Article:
Council tax set to rise in Boston

The Boston Borough Council building.
The Boston Borough Council building.

Council tax bills are set to rise in Boston as the borough council aims to meet a funding deficit.

The authority states it is due to be the seventh worst hit in the country over the next four years following the draft local government finance settlement 2016-17.

With reductions and the eventual withdrawal of all Revenue Support Grant (the main funding from Government) and the likelihood of a further £2 million savings to be found in the next five years - £700,000 to find in 2017/18 - there will need to be large-scale transformation of the council in the coming years.

The council has already made £2.4 million in savings since 2009.

Coun Aaron Spencer, the council’s portfolio holder for finance, said: “Let’s be clear – there is no place to hide. The challenges that lie ahead are unprecedented. Tough decisions will have to be made about the services this council provides going forward. This council can no longer afford to fund all it once could. Residents will see a change to what this council does and how it provides its services. In order to ensure this council can continue to provide the services it is required to do so by law, whilst also supporting the district’s most vulnerable residents and invest in the economy, it must continue to strive to be as efficient as possible in all its work, whilst ensuring it maximises the income it receives.”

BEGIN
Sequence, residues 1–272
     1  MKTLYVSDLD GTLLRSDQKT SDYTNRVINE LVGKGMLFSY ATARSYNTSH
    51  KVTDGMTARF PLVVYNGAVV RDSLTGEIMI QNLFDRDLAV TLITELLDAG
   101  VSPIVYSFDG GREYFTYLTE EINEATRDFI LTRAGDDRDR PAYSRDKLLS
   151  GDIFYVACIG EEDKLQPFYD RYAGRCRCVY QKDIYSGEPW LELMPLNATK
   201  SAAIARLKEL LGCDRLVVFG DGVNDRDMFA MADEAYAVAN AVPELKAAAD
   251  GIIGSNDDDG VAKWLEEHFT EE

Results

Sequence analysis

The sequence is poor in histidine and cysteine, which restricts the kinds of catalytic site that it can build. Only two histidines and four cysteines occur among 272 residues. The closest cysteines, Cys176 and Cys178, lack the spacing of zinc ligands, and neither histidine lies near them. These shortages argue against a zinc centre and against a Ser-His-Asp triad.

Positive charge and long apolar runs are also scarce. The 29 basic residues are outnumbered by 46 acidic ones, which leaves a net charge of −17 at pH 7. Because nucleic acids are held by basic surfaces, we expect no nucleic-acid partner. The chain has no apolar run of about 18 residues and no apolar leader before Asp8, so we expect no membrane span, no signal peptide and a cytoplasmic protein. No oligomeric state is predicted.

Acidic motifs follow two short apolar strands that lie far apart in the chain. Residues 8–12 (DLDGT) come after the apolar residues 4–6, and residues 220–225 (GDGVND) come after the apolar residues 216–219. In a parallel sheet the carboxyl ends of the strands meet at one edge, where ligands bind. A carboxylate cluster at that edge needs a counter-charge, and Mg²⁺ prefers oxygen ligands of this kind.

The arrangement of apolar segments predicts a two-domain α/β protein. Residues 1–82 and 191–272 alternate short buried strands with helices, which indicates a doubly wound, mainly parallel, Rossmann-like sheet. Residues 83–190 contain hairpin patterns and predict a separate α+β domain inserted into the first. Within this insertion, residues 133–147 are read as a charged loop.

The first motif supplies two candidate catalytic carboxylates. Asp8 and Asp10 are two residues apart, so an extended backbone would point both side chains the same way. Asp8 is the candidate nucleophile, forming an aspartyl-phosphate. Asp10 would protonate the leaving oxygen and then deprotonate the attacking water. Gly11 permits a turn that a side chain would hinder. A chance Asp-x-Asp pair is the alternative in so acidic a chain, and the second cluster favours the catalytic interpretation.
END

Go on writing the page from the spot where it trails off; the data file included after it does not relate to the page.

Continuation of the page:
He added: “We will have some very hard decisions to make and I ask that residents bear in mind what the Government has tasked us with when we have to make those decisions. So far the council has been able to make the savings required of it. It has an ongoing transformation programme but, as time goes on and we become ever leaner, it becomes more and more difficult to sustain all that we have always done.”

The budget for 2016-17 proposes an increase in council tax of just below two per cent. This will give an average band D council tax increase of 6p per week, with 89 per cent of residents paying less than this. This will be considered first by the Cabinet next Wednesday.

Coun Spencer said: “This budget is designed to meet such challenges head-on and ensure that the best possible services are provided to the people of Boston.”

l A meeting is being held at the Princess Royal Sports Arena from 6-8pm on Tuesday, January 26, for residents to quiz county councillors specifically about Lincolnshire County Council finances.